In an era where trust in politics and politicians to deliver real change is fast declining, Christiana Figueres says she can restore hope.
Announcing her candidacy for the job of UN secretary general, the 59-year-old Costa Rican pushed her role in the 2015 Paris climate agreement as evidence she is the real deal.
“I believe I have proved my stripes,” she told reporters. “The last six years shows I can get things done in the multilateral arena.”
It is a pitch that draws heavily on Barack Obama’s “change we can believe in” 2008 presidential campaign, and one she elaborates on in a 16-page vision statement.
“Today we are witnessing a downward spiral of political dislocation, where lack of trust in political systems is leading people to seek solutions based on exclusion, division and isolation by community, ethnicity, religion, gender or nationality,” writes Figueres.
“Some of those who seek to impose their will through force have become more sophisticated and, unfortunately, more cruel – with increasing disregard of human rights.”
— Christiana Figueres (@CFigueres) July 7, 2016
A distinctive message is important. In a field boasting UN heavyweights like Development Programme chief Helen Clark and a host of former prime and foreign ministers, she needs a compelling brand to stand out.
Figueres also seems to have taken inspiration from Pope Francis’ positioning at the Vatican, who presented himself as the only man who could reform a vast and stale organisation.
In his time in office Pope Francis has presented himself as man of the people, washing the feet of prisoners and migrants and berating politicians for failing to tackle global inequality.
The human impacts of global warming were a regular focus for Figueres as UN climate chief, and the need to connect and empower people is a theme she frequently returns to in the vision statement, published on a shiny website this week.
“We must work to ensure that citizens feel like stakeholders in a future they are invested in since, without this, disengagement and despair are the only path open to them,” she writes.
This won’t surprise those who have lived and worked in the climate change bubble since 2010 – a world shaped by Figueres’ forceful personality.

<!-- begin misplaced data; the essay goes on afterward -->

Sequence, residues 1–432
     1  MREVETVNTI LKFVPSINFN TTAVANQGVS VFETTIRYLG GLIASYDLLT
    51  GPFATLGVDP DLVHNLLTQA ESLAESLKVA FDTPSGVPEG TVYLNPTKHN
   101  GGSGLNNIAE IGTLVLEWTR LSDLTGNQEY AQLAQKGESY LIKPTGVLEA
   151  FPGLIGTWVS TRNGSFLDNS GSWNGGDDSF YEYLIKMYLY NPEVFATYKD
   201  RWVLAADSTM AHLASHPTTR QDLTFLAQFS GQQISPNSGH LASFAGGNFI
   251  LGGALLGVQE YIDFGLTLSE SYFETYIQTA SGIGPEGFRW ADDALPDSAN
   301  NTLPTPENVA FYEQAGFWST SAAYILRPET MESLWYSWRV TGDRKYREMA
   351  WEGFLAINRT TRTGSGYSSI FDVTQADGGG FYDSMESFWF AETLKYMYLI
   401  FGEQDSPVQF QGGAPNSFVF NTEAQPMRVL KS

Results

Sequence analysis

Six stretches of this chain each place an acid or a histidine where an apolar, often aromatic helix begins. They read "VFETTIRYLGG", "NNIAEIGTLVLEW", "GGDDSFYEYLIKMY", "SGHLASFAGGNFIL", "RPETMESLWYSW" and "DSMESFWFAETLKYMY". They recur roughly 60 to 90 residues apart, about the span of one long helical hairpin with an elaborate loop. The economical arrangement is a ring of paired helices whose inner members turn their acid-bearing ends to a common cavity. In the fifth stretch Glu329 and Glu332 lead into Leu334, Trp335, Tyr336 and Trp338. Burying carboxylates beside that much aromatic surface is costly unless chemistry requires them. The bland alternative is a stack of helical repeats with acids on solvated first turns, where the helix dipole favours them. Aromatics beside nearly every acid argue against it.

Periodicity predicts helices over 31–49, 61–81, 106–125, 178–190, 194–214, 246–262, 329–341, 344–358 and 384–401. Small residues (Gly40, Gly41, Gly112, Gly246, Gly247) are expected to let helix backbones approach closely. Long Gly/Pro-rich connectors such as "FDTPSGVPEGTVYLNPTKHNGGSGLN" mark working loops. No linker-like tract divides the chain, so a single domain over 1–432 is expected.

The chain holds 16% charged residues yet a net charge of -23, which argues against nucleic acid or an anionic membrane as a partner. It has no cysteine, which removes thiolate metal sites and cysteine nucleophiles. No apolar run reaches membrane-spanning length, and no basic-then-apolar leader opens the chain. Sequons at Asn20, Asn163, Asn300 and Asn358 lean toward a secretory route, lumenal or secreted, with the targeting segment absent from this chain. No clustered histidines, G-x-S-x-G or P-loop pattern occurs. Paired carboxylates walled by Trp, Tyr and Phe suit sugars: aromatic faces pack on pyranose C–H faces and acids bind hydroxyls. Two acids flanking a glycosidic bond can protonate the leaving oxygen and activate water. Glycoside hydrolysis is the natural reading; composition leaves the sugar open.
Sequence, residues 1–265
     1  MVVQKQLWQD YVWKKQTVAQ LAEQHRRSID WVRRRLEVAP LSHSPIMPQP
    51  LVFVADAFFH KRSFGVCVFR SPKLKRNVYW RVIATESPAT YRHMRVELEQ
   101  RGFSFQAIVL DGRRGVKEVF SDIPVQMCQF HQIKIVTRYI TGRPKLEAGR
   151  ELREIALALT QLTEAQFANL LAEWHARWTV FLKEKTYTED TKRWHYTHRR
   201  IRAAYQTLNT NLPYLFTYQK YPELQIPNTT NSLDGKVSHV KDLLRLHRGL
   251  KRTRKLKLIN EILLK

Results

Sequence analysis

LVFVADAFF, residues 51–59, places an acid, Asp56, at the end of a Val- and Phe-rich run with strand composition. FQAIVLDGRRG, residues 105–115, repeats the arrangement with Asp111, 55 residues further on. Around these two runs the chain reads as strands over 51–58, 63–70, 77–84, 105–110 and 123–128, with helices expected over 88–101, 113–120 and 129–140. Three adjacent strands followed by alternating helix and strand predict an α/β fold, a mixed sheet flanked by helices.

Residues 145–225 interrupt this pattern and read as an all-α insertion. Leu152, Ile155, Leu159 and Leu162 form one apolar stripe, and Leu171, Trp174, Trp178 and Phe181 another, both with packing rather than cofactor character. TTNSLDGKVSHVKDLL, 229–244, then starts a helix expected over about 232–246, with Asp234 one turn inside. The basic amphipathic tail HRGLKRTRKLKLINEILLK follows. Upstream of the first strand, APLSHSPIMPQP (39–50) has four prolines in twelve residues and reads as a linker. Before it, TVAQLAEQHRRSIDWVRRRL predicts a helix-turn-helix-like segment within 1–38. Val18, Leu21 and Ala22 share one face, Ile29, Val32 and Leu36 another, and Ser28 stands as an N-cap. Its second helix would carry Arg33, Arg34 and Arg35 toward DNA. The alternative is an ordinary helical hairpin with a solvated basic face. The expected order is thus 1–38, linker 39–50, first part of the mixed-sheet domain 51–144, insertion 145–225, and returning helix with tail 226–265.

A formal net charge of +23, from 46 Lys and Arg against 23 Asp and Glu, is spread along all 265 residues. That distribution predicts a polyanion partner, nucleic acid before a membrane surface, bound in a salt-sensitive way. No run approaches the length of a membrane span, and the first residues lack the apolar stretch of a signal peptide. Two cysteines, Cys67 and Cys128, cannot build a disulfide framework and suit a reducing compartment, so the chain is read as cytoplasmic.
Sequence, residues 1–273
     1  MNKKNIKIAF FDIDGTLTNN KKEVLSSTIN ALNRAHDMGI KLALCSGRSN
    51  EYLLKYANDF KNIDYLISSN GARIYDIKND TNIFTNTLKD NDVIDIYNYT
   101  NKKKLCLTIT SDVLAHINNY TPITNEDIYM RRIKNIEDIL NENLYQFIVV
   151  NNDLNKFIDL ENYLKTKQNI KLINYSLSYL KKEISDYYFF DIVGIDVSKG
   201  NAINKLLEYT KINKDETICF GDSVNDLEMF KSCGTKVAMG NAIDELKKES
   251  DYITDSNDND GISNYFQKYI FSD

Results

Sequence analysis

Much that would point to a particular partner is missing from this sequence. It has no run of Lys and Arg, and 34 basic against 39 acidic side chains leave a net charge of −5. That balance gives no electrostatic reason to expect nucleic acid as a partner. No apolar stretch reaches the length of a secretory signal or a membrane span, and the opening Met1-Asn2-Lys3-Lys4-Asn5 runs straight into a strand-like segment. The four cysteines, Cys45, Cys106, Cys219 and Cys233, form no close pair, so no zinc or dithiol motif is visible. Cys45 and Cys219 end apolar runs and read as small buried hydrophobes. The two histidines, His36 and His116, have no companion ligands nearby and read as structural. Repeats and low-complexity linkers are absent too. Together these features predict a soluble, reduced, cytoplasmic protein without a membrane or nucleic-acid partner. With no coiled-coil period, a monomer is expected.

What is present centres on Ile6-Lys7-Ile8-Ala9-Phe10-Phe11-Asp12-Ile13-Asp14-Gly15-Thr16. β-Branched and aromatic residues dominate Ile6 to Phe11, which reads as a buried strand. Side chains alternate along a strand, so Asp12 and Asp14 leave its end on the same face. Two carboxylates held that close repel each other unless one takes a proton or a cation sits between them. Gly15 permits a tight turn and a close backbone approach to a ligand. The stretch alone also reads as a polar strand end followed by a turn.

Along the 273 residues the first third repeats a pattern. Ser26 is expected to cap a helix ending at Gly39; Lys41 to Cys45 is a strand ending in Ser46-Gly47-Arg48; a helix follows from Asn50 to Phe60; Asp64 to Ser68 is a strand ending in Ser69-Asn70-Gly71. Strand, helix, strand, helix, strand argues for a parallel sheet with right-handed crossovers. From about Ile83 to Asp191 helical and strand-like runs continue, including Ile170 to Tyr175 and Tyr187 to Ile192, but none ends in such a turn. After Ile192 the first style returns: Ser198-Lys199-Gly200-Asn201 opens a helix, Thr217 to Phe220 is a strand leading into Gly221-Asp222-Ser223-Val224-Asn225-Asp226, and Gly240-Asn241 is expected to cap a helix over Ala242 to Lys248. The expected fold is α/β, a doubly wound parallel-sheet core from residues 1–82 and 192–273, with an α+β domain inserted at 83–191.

Arriving after the devastation of the 2009 Copenhagen summit, she worked hard to build new climate alliances among youth groups, businesses and civil society.
Countries deeply hostile to a greenhouse gas cutting deal in the Middle East were embraced, the efforts of major polluters China and India to decarbonise their economies loudly praised.
There was even an unusual yet strong call for green groups to back off in their efforts to demonise fossil fuel companies, which she said offered solutions to the climate challenge.
That message of empowerment was illustrated in the Paris climate deal – where the UN imposes little but asks national governments to deliver what they can – and in her vision statement.
“By embracing this new form of multilateralism we can address the wide array of international peace and security threats we face. It is our best chance to improve the lives of people everywhere,” she writes.
Still, if the message of empowerment and hope worked in the UN climate arena, it’s far from obvious whether it can win the zero sum game of New York.
Here deals over influential positions are brokered behind closed doors, with the ever-present veto threat from the five permanent members of the Security Council: France, Russia, China, the UK and US.
The Costa Rican’s time in office saw her develop strong bonds with governments, but in the likes of Clark and UNESCO’s Bokova she faces opponents with significant institutional power in the UN.
That – along with a convention it’s Eastern Europe’s turn to hold the post – may explain why UK bookmakers Ladbrokes rate her a 10/1 chance, with Bokova the 2/1 favourite.
The next few months will see all candidates rack up their air miles, meeting the presidents and prime ministers who will determine their fate.
Clark has a head-start, having met governments in France, the US, UK, Egypt, Japan, Russia and Malaysia in the past two months.
— Helen Clark (@Helen4SG) July 5, 2016
A loyal boss, Figueres has appointed a small team, drawn from her years in climate.
While her main rivals may have more prime ministers in their contact books, Figueres draws support from a broad global constituency, including all the major green groups and a significant number of business leaders.
Win or lose, her bid will put climate change on the agenda of all candidates and force them to explain how they would support the Paris deal.
It’s rare that 195 states come together in emphatic agreement, offering the UN a shot in the arm at a time when its purpose and authority is being questioned.
And it’s clear that the former UN climate chief and her team intend to use this unusual show of global unity to bolster her case – as she intimated in Thursday’s media call.
“It is very clear that climate change is a major emergency… it and the sustainable development goals are one and same agenda,” she said.
“They are principles for peace, human rights and development into the future. I do not see them as being different.”